Busiest weekend on record for Whitby RNLI
Whitby lifeboat crew were involved in six rescues including a woman injured aboard a stricken yacht.
The following day the volunteer crew were paged at 12.25 pm after a yacht ran aground near the Upgang Ravine. A woman on board suffered a head injury and was taken in the inshore lifeboat to the harbour to a waiting ambulance. Whitby coastguard assisted with the transfer of the casualty onto the lifeboat.
Not long after, the charity's inshore lifeboat was launched for second time in a day when it was reported that a casualty was in distress near the water at Sandsend. The crew waited on standby at the scene while police and coastguard dealt with the incident. The inshore lifeboat was stood down and returned to harbour at 10 pm.
On Sunday 28 May, the all-weather lifeboat was launched when a power boat got into difficulties. During the rescue the tide became too low for the lifeboat to enter the harbour so the smaller inshore lifeboat was launched to take over the tow.
Both lifeboats were then reassigned to search for a reported missing person. After a three hour search was conducted between the piers in Whitby and Robin Hood's Bay the crew were stood down.
On Monday morning (29 May) the volunteers launched the inshore lifeboat to assist with fire crews as they worked to save a small fishing vessel from sinking in the harbour. The boat was almost submerged before the teams managed to use ropes to bring it to the surface. The lifeboat crew then pumped out water and towed the vessel to a nearby slipway. No one was aboard the fishing boat.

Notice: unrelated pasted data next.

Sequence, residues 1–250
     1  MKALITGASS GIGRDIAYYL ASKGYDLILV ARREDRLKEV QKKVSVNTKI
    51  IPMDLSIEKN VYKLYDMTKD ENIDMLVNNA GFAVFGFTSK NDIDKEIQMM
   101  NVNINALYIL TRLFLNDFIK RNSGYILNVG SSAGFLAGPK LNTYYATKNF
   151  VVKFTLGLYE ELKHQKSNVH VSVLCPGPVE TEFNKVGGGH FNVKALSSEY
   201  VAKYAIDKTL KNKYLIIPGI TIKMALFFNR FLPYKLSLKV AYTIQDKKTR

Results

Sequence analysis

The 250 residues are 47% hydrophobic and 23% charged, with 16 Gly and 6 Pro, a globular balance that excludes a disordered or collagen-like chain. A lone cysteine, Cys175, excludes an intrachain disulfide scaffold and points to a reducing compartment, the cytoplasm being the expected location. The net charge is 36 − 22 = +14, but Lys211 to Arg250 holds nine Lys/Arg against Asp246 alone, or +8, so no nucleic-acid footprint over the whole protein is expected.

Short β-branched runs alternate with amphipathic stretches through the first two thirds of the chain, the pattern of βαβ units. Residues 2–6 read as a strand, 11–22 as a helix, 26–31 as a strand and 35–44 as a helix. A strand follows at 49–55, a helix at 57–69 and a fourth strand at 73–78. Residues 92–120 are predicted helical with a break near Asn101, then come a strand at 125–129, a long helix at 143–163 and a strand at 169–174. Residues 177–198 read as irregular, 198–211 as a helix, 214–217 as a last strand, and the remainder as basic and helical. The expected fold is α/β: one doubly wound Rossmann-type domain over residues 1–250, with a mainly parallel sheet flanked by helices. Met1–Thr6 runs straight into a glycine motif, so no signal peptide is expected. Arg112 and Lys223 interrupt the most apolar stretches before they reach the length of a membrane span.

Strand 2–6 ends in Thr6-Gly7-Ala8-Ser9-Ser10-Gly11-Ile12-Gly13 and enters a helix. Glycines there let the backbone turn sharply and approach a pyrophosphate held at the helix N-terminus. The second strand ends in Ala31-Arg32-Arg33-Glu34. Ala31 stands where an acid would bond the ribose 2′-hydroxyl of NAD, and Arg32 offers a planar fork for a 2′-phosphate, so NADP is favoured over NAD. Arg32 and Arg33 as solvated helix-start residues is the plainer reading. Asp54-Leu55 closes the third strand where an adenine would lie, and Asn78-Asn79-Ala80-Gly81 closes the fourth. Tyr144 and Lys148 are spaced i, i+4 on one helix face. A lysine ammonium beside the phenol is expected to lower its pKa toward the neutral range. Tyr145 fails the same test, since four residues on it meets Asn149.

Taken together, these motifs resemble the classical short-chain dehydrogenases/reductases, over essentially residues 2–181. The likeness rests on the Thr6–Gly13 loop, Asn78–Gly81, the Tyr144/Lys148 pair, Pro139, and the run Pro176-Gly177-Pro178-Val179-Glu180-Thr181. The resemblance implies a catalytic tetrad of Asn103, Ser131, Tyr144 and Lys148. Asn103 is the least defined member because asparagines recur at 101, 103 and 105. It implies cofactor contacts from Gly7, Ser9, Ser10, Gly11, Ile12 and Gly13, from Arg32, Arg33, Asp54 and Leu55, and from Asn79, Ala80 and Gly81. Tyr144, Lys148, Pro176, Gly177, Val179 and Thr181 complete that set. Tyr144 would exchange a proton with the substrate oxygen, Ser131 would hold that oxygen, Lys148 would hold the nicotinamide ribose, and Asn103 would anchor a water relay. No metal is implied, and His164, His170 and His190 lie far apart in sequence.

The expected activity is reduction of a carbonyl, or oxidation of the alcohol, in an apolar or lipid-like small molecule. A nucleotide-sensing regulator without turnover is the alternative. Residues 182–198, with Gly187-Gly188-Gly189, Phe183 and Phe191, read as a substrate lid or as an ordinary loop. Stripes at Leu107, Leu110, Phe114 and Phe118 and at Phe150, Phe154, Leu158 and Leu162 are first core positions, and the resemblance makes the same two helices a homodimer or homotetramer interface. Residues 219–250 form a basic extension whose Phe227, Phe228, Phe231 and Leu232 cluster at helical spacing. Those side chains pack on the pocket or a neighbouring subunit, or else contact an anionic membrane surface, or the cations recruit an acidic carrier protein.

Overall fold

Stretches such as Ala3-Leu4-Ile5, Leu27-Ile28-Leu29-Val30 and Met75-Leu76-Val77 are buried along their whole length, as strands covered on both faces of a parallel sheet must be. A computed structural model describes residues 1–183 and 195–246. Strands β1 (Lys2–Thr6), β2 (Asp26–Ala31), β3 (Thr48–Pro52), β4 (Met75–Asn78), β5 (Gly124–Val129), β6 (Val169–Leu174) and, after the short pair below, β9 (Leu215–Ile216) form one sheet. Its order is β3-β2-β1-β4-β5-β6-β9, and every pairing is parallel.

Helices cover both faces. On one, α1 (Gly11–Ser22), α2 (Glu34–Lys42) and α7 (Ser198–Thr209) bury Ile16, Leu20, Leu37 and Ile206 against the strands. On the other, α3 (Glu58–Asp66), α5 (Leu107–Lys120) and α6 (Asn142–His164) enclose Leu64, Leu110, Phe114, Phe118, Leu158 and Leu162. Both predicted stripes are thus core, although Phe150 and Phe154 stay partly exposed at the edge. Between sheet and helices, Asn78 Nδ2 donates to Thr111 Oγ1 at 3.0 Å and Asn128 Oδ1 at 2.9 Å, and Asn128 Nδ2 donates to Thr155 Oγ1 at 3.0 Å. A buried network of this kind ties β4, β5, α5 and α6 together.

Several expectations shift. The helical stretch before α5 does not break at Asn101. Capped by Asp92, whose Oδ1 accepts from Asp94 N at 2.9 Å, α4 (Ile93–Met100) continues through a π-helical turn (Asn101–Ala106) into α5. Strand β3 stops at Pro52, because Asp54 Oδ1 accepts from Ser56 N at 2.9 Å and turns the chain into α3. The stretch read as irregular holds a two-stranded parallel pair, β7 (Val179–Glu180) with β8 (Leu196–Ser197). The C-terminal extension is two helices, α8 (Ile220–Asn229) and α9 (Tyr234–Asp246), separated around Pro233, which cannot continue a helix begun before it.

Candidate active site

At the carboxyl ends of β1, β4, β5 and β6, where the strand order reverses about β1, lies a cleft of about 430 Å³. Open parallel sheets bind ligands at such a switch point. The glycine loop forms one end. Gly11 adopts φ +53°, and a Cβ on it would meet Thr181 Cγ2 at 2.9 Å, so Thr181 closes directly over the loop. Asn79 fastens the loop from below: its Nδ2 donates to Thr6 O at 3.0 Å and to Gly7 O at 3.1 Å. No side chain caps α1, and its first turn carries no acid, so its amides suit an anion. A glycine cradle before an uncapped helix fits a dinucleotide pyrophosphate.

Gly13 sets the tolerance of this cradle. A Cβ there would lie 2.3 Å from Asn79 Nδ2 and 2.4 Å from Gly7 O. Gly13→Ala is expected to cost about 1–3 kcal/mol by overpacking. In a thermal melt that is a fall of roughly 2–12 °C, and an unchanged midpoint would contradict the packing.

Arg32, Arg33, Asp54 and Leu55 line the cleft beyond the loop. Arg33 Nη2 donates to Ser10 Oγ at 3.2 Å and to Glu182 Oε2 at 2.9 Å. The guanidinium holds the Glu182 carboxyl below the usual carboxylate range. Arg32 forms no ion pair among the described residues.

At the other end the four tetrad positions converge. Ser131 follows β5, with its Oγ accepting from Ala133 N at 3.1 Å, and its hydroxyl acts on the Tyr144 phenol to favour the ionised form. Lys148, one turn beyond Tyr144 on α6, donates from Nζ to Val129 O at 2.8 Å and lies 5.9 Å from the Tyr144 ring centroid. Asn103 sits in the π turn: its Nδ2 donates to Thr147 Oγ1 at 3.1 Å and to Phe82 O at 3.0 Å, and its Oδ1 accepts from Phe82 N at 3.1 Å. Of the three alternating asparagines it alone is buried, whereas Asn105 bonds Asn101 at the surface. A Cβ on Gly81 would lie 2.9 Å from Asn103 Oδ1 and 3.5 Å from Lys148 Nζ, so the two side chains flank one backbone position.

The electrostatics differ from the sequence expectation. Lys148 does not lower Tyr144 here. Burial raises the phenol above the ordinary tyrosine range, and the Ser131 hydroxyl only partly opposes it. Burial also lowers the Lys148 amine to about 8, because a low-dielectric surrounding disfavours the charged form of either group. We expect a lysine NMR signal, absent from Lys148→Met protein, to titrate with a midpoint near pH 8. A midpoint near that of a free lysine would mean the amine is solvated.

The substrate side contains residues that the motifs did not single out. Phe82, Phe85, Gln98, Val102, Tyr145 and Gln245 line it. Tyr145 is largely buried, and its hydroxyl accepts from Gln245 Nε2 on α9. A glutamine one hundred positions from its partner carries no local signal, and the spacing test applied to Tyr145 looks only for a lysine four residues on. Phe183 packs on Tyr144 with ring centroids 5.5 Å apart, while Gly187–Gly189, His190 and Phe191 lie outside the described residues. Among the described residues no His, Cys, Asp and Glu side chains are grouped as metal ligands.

Station mechanic Richard Dowson said 'We think this could be the busiest weekend on record for Whitby RNLI. The sunny weather brings more people out onto the water so you do expect more call outs. It's been a busy one for the crew but that's what we're here for, to save lives at sea and keep people safe on the water.
We'd like to thank the local police, fire and coastguard for their help and co-operation with some of the incidents'
For more information contact Lifeboat Press Officer Ceri Oakes on 07813359428 or email email@example.com
Key facts about the RNLI
The Royal National Lifeboat Institution is the charity that saves lives at sea. Our volunteers provide a 24-hour search and rescue service in the United Kingdom and Ireland from 238 lifeboat stations, including four along the River Thames and inland lifeboat stations at Loch Ness, Lough Derg, Enniskillen and Lough Ree. Additionally the RNLI has more than 1,000 lifeguards on over 240 beaches around the UK and operates a specialist flood rescue team, which can respond anywhere across the UK and Ireland when inland flooding puts lives at risk.
The RNLI relies on public donations and legacies to maintain its rescue service. As a charity it is separate from, but works alongside, government-controlled and funded coastguard services. Since the RNLI was founded in 1824 our lifeboat crews and lifeguards have saved at least 140,000 lives. Volunteers make up 95% of the charity, including 4,600 volunteer lifeboat crew members and 3,000 volunteer shore crew. Additionally, tens of thousands of other dedicated volunteers raise funds and awareness, give safety advice, and help in our museums, shops and offices.
Learn more about the RNLI
Contacting the RNLI - public enquiries
Members of the public may contact the RNLI on 0300 300 9990 or by email.
The RNLI is a charity registered in England and Wales (209603) and Scotland (SC037736). Charity number 20003326 in the Republic of Ireland